Ballooning losses from the US mortgage market could force the global financial industry to scale back lending by $2 trillion and trigger a substantial recession, according to a bearish analysis.
The startling figure was suggested yesterday by the chief US economist at Goldman Sachs, Jan Hatzius, who said that an estimated $400bn (£290bn) in losses on mortgages would be magnified as lenders reacted to stay within their solvency requirements.
"Even a $400bn loss does not look all that large compared to the vast size of the US financial markets, and one sometimes hears that it is just equivalent to one bad day in the stock market," Mr Hatzius told clients. "But this analogy is wrong. There is a big difference between stock market losses, which are mostly borne by long-only investors, and mortgage credit losses, which are mostly borne by leveraged investors such as banks, broker-dealers, hedge funds, and government-sponsored enterprises."
The key difference, he said, is that long-only investors, such as pension funds and mutual funds, passively accept a hit to their net worth. Leveraged players actively scale back lending to keep their capital ratios from falling. These capital ratios determine how much money the institution can put at risk by lending out.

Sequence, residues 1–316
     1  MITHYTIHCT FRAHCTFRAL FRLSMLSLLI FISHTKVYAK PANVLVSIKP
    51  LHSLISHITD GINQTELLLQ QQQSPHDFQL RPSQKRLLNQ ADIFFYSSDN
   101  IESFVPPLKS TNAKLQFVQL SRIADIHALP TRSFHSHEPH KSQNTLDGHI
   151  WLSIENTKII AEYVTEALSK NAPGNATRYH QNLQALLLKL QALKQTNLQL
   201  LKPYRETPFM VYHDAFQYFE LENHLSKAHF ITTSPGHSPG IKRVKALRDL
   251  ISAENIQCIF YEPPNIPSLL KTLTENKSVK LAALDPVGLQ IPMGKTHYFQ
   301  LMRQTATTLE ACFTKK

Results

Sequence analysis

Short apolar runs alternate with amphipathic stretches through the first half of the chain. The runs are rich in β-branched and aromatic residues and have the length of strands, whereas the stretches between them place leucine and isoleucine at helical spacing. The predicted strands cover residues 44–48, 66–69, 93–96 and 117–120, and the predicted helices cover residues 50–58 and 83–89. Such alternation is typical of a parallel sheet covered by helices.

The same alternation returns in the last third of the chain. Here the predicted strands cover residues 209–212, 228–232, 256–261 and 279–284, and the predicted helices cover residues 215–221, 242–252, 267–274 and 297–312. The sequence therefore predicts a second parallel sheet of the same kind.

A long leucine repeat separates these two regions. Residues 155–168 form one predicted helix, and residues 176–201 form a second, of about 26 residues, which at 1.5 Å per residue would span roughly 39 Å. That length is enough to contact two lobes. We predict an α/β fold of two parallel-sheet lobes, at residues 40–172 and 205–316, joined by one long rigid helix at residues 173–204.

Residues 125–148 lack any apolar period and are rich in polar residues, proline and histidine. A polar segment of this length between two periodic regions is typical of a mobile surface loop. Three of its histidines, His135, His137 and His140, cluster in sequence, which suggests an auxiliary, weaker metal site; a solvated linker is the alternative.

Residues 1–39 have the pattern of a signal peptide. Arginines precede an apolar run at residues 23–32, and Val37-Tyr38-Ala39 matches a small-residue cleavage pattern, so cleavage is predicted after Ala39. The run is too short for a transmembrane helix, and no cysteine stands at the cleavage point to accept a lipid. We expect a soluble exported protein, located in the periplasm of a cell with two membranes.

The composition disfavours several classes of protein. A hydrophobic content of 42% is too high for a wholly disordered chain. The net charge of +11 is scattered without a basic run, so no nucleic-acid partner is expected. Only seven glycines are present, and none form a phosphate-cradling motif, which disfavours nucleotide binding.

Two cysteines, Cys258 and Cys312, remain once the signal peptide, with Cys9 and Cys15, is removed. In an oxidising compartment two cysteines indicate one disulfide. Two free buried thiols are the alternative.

Low-income Americans have begun defaulting on home loans in record numbers, and with low introductory interest rates set to expire on some 2-3 million mortgages in the next two years, arrears and repossessions are forecast to soar, while house prices are already falling. Estimates of the likely losses have risen from $50bn-$100bn in the summer to around $400bn now, and the resale of mortgage debts across the global financial markets means that at least half of that is set to be borne by leveraged investors, Mr Hatzius said, potentially triggering a $2 trillion contraction in lending.
"This is a large shock," he said. "Assuming a proportional change in GSP growth – and historically the correlation between debt and GDP growth has been reasonably tight – it is easy to see how such a shock could produce a substantial recession, if it occurred over a single year, or a long period of very sluggish growth if it occurred over two to four years."
Randall Kroszner, a governor at the Federal Reserve, signaled that he believed the Fed's two interest-rate cuts would be enough. "The current stance of monetary policy should help the economy get through the rough patch during the next year, with growth then likely to return to its longer-run sustainable rate," he said.
The US equity markets put in a more optimistic performance, but the Dow Jones Industrial Average did not hold its 100-point early gain, and investors digested a profit warning from economic bellwether FedEx.Reuse content